OceanView Spectroscopy Software and Analysis of Edible Oils
OceanView is the flagship software program for Ocean Optics spectrometers. Beyond simple data visualization, OceanView allows users to generate, customize and save spectroscopy projects using its Schematic View function. Saved projects can then be reloaded or shared with others. The Schematic View presents each data processing step in a diagram format with icons representing the different devices and steps in your project. In the Schematic, you can view and manipulate the flow of data from your spectrometer through each of your processing steps. Data flow is represented by the use of arrows that connect different nodes. The nodes represent points where data is processed or manipulated.
In this project, we measured the fluorescence of edible oils – canola, corn, olive, peanut and sunflower — and compared the relative fluorescence intensity for various components present in the oil samples. This is a useful technique in determining oil grade and source, detecting adulterants and quantifying chlorophyll.
About OceanView Schematic View
The Schematic View provides all of the functionality of the OceanView graph view, plus additional capabilities to customize your spectroscopy measurements:
- More than 70 algorithm nodes enabling a range of math functions for basic and advanced calculations
- Subrange node to specify a subset of the spectrum or a single wavelength
- Interpolation of spectral data to output data at consistent, evenly spaced intervals
- Scalar view for monitoring a single value such as TEC temperature or an integral or average over a specified wavelength range
- Ability to preview spectra at every step in your process
Create, configure and connect schematic nodes to read data from devices, to transform and combine that data through a library of built-in spectroscopic functions, and then to output the results to visual graphs and Microsoft Excel-ready CSV files.
This project was created for measuring the fluorescence of edible oils and comparing the spectral features of each sample based on its composition. To make the measurements, we used a QE Pro spectrometer (200-950 nm) with LLS-365 nm LED for excitation, a CUV-ALL-UV cuvette holder and a pair of QP600-1-XSR optical fibers arranged at 90° relative to the sample.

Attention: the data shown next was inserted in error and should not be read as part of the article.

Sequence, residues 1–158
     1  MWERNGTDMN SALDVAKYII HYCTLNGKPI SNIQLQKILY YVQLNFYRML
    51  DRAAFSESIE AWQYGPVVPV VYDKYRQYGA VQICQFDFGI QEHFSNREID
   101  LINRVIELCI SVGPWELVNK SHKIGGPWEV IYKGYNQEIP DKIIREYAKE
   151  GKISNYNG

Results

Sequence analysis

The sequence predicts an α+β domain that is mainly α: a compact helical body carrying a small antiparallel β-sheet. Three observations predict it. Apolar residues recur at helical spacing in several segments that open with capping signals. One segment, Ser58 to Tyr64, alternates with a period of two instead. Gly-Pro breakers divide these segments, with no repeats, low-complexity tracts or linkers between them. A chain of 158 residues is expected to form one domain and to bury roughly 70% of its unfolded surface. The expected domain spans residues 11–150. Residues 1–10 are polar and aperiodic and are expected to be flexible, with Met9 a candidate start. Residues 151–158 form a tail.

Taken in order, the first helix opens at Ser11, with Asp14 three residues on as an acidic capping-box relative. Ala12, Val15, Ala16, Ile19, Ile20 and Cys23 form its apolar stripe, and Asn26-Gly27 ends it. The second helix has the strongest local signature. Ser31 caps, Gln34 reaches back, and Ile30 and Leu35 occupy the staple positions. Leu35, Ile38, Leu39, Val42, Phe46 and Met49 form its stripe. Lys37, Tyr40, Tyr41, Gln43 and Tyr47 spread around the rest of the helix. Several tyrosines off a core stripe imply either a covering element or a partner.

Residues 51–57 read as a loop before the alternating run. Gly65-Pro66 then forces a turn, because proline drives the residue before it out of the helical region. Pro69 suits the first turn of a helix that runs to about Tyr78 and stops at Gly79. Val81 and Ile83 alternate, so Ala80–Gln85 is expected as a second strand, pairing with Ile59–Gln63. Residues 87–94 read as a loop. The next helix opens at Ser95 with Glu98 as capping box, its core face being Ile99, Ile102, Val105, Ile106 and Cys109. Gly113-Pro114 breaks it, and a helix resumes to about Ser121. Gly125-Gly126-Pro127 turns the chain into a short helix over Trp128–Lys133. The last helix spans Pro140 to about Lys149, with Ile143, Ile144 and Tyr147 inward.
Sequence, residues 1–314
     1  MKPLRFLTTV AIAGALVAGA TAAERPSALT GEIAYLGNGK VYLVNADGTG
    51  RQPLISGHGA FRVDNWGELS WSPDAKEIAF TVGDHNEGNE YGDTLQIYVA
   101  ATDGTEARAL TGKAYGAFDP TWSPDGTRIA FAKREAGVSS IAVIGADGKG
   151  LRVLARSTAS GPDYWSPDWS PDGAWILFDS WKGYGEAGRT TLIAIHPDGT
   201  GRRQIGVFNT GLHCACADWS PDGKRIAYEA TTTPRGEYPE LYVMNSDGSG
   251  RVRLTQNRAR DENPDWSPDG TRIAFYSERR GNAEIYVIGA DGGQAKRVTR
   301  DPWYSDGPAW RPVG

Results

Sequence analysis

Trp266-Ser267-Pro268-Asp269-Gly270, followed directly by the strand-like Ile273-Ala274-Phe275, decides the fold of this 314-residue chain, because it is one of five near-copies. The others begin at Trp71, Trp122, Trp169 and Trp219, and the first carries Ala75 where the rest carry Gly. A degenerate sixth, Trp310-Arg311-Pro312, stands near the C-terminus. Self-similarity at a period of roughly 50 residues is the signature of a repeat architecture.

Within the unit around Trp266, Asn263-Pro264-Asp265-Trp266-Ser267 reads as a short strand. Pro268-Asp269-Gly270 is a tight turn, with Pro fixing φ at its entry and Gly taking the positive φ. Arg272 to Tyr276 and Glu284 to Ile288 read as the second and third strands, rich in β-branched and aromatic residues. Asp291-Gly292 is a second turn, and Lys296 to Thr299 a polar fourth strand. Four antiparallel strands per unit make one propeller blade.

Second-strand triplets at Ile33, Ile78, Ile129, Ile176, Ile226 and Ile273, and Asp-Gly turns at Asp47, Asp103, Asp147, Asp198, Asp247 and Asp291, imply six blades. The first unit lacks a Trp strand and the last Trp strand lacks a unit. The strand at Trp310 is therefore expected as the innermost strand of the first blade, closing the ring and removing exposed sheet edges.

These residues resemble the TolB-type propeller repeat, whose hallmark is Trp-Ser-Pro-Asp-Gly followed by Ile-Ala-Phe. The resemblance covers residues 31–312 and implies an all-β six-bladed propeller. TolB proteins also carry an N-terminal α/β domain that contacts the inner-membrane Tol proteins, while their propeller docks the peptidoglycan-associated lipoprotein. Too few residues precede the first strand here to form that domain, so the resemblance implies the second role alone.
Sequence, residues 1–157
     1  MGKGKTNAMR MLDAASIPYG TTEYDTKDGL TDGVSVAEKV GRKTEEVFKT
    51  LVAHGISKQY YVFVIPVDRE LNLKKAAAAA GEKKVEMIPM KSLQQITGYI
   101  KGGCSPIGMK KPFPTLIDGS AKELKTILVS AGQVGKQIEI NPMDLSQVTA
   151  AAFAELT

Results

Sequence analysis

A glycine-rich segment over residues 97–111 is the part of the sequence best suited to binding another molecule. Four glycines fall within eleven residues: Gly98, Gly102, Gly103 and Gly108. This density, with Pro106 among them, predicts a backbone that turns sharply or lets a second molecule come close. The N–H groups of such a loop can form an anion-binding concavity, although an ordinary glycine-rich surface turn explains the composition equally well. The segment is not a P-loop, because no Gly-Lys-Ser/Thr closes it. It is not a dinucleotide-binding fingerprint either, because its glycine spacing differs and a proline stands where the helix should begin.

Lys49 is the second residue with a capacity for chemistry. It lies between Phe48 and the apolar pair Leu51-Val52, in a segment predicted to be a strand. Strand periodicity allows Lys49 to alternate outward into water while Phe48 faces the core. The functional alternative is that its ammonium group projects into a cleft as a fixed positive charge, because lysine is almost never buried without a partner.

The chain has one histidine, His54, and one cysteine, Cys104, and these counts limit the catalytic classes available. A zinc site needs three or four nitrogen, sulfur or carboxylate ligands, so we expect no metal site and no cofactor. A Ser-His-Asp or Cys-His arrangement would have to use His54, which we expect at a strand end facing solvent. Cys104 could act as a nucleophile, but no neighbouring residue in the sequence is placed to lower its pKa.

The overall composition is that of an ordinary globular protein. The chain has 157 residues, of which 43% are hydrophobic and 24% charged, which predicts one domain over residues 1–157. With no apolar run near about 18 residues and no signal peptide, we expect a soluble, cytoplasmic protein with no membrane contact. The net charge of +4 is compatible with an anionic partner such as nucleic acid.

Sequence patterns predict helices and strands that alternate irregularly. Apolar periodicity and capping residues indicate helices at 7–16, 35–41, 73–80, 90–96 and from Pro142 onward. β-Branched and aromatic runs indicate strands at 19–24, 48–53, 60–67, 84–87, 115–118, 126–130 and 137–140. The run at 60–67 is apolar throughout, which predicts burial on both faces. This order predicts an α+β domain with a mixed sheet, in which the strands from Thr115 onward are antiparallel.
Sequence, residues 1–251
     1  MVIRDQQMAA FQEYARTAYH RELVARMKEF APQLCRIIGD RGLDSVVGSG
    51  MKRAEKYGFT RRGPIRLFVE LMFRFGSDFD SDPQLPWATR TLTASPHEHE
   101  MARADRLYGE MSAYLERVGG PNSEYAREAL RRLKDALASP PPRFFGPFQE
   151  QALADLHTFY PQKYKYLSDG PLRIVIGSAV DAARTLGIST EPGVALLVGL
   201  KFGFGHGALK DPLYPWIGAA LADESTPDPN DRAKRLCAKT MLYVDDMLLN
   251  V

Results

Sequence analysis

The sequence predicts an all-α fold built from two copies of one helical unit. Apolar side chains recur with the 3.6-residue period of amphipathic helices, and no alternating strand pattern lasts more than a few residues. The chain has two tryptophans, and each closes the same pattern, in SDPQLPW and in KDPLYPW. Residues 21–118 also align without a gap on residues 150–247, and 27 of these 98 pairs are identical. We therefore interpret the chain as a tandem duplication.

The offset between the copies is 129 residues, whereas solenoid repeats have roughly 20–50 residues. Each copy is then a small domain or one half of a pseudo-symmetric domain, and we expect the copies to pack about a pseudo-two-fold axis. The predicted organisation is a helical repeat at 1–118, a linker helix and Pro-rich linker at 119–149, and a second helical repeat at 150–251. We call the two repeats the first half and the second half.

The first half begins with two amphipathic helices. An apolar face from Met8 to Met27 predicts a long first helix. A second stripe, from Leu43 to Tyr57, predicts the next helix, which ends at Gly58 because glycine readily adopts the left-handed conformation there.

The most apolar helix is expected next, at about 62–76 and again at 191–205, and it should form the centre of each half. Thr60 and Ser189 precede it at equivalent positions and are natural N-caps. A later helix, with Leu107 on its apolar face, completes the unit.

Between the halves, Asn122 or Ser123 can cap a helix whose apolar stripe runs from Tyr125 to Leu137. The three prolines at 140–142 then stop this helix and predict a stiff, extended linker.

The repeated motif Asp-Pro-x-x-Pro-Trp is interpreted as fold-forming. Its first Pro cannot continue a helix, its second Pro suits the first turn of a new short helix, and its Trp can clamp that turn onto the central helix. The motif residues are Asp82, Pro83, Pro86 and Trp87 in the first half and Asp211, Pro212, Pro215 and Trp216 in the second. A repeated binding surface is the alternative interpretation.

The UV-excited fluorescence spectrum measured for an edible oil sample is the combination of fluorescence arising from fatty acids, tocopherols, plant pigments, chlorophyll and other compounds found in the oil. These components combine to create a unique fluorescence fingerprint that can be used to:
- Determine the grade of edible oils
- Detect adulterated edible oils
- Authenticate the manufacturer and source of edible oils
- Quantify tocopherols, phenols and chlorophyll for edible oil quality
- Evaluate changes in edible oil quality during storage
As described in the open-access journal article “Characterization of Vegetable Oils by Fluorescence Spectroscopy” (Food and Nutrition Sciences, Vol. 2, No. 7, 2011), fluorescence analysis of edible oils ranges from the comparison of spectral fingerprints arising from excitation at a single wavelength to more detailed multivariate analysis from total luminescence or synchronous scanning techniques.
In this project, we compare the relative fluorescence intensity arising from fatty acids, tocopherols and other compounds to the fluorescence intensity arising from chlorophyll. This schematic of this simplified OceanView project could be expanded with additional calculations to provide more quantitative, detailed information about the composition, quality and identity of the edible oils.
OceanView guides you through the steps necessary to swap the spectrometer you are using into the project including measuring a new background spectrum. The fluorescence spectrum for edible oils occurs in the Vis-NIR wavelength range, so you must use a spectrometer configured to detect light in the Vis-NIR region for these measurements. A UV LED or other light source can be used to excite fluorescence from the edible oil samples.
When you open the Schematic, you will see that we use “SubRange nodes” — data that identifies a subset of the spectrum or a single wavelength — to specify only the intensity at 545 nm for the fluorescence arising from the combination of the fatty acids, tocopherols and other compounds (for example, beta-carotene and other plant pigments) in the oil and at 670 nm for the fluorescence caused by chlorophyll in the oil.
The raw fluorescence intensity for these compounds is displayed in scalar views to provide a relative estimate of the fluorescence arising from these major edible oil components. While this is a very simplified project providing information on the relative composition of the edible oils, additional calculations could be included to provide more quantitative and detailed estimates of edible oil composition.
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